WEDNESDAY NOON LIVE: Our co-host, Rev. Andy Twiton, sought out connections with young adults who are doing faith-based social justice work as part of their career or as volunteers. He was directed to Rachel Wyffels, former hunger advocacy fellow for Lutheran Advocacy Minnesota. Rachel discussed her work with Abide and offered keen insight into what a number of young adults are passionate about in their advocacy and voting. We will invite former LOPPW hunger advocacy fellow, Kelsey Johnson, next month. 

RETURNING 17 YEAR-OLDS TO THE YOUTH JUSTICE SYSTEM: Our coalition received good news about two Republican legislators who were willing to champion this bill. We are strategizing how to build public support when the bill comes out. Recently, Lutheran Office for Public Policy in Wisconsin(LOPPW) director, the Rev. Cindy Crane, led a new workshop on this issue for the first time!

CARE FOR GOD’S CREATION & HUNGER:  LOPPW and Faith in Place have a location for our spring advocacy day and will soon make an announcement with details.  

YOUTH: Our team of representatives from six synods are almost settled on an exact location for our April youth advocacy gathering.   

Hunger Advocacy Fellows Loaded with Skills and Opportunities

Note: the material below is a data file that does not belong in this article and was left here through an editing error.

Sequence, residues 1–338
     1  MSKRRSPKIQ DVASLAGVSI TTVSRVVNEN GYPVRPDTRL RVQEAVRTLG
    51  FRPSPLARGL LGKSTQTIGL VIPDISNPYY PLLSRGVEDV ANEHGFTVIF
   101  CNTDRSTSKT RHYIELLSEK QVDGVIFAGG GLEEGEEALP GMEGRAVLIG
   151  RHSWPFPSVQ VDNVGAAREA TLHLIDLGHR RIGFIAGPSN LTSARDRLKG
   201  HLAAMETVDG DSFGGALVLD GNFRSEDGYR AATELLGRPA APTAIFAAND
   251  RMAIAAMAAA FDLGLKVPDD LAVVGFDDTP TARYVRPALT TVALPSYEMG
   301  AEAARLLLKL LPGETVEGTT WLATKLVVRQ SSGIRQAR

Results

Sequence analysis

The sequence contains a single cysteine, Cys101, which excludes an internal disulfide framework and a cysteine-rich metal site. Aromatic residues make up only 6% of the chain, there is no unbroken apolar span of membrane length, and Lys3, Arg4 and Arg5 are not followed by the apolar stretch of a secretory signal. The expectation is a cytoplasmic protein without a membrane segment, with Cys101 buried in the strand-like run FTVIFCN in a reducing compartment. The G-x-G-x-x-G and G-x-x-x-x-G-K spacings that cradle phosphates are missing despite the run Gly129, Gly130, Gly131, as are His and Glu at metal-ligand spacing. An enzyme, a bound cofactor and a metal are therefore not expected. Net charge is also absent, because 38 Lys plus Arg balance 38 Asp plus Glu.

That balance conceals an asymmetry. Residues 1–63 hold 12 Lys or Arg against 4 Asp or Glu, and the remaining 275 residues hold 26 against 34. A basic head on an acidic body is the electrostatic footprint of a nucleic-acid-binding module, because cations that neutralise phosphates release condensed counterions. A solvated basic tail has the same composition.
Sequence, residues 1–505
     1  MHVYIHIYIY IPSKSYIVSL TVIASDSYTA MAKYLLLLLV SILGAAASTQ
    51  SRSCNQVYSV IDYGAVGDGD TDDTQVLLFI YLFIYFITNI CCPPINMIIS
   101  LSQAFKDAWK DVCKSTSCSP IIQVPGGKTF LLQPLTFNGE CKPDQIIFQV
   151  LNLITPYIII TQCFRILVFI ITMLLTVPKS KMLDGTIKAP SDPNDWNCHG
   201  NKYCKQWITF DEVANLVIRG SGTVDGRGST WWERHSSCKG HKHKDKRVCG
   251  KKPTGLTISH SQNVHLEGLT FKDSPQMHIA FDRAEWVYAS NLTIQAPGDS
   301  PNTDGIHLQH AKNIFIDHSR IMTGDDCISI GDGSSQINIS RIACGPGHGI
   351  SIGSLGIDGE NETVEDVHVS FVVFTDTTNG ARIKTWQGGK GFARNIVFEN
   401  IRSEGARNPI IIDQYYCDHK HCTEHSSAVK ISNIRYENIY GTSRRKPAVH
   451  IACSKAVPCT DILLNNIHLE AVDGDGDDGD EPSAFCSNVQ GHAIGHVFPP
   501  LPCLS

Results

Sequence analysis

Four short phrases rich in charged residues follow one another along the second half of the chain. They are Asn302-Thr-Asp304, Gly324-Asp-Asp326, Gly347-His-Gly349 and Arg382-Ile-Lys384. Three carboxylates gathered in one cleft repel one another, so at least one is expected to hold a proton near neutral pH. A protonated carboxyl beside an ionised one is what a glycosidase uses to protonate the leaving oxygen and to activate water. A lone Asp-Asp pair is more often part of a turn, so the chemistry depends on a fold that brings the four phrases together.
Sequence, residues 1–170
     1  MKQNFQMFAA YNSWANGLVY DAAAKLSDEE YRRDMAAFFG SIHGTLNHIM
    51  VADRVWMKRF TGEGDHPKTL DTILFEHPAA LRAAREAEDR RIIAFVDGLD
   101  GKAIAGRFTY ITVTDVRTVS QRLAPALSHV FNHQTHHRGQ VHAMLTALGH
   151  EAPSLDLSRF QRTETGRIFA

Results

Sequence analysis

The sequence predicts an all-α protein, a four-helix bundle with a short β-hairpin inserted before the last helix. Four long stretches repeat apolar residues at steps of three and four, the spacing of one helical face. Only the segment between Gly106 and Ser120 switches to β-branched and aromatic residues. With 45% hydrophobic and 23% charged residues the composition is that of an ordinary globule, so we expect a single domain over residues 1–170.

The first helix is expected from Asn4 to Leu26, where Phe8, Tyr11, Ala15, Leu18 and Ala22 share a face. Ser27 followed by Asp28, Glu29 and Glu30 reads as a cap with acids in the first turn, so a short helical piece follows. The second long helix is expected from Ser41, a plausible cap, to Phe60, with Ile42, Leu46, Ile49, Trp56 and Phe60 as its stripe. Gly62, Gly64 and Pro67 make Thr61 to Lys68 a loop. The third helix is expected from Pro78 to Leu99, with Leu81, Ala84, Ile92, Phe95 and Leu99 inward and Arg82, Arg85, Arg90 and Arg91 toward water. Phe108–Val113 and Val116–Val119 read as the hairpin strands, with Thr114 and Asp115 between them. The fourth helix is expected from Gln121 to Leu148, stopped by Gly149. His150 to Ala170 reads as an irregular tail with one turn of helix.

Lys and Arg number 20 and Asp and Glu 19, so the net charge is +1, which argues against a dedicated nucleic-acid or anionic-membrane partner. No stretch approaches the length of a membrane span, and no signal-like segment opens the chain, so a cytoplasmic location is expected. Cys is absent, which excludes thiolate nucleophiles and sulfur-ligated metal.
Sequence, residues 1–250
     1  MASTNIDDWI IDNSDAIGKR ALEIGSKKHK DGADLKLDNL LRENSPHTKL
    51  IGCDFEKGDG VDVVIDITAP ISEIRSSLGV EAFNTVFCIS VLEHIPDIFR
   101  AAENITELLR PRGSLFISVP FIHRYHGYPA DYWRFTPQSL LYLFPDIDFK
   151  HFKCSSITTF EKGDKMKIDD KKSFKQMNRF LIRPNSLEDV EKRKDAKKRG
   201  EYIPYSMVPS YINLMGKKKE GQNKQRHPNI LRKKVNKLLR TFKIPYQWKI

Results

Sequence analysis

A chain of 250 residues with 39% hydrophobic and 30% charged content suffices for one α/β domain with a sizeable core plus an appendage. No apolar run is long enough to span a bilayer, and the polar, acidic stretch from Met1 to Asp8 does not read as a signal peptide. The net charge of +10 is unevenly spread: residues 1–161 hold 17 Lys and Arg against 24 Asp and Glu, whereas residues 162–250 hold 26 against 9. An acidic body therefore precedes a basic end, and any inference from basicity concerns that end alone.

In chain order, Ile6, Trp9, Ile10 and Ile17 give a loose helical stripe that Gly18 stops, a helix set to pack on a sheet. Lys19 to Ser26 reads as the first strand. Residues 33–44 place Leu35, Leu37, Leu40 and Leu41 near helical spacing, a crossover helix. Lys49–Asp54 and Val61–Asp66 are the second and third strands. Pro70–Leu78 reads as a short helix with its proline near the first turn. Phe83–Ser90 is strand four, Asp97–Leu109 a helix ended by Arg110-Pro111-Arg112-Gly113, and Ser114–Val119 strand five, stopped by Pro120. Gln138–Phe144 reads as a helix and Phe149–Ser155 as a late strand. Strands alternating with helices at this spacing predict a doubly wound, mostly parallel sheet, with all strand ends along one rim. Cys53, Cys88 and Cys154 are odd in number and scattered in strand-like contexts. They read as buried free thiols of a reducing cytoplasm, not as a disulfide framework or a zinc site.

The year spent with ELCA Hunger Advocacy Fellows enhances our work and ministry at the D.C. and state public policy offices in the ELCA-affiliated network where they are located and enriches their future encounters with a year spent loaded with opportunity, networking, discernment and engagement.  

In the 2022-23 cycle, three leaders are placed through funding of ELCA World Hunger in California, Ohio and Washington, D.C. where they’ve expressed eagerness to connect, learn and grow as they help work for a world where all are fed. 

 

Savannah Jorgensen (she/her):

Savannah Jorgensen is currently serving with the Lutheran Office of Public Policy – California. Before joining the ELCA, Jorgensen received her master’s degree in Atmospheric Sciences from Texas A&M University. She also holds her bachelor’s degree in Meteorology from Valparaiso University.  

With these education foundations, this Fellow has a passionate interest in environmental justice and climate change policy, so she is very excited to work in advocacy in Sacramento. In her free time, Jorgensen enjoys singing, spending time outdoors, and relaxing with her cat. 

 

Jillian Russell (she/her):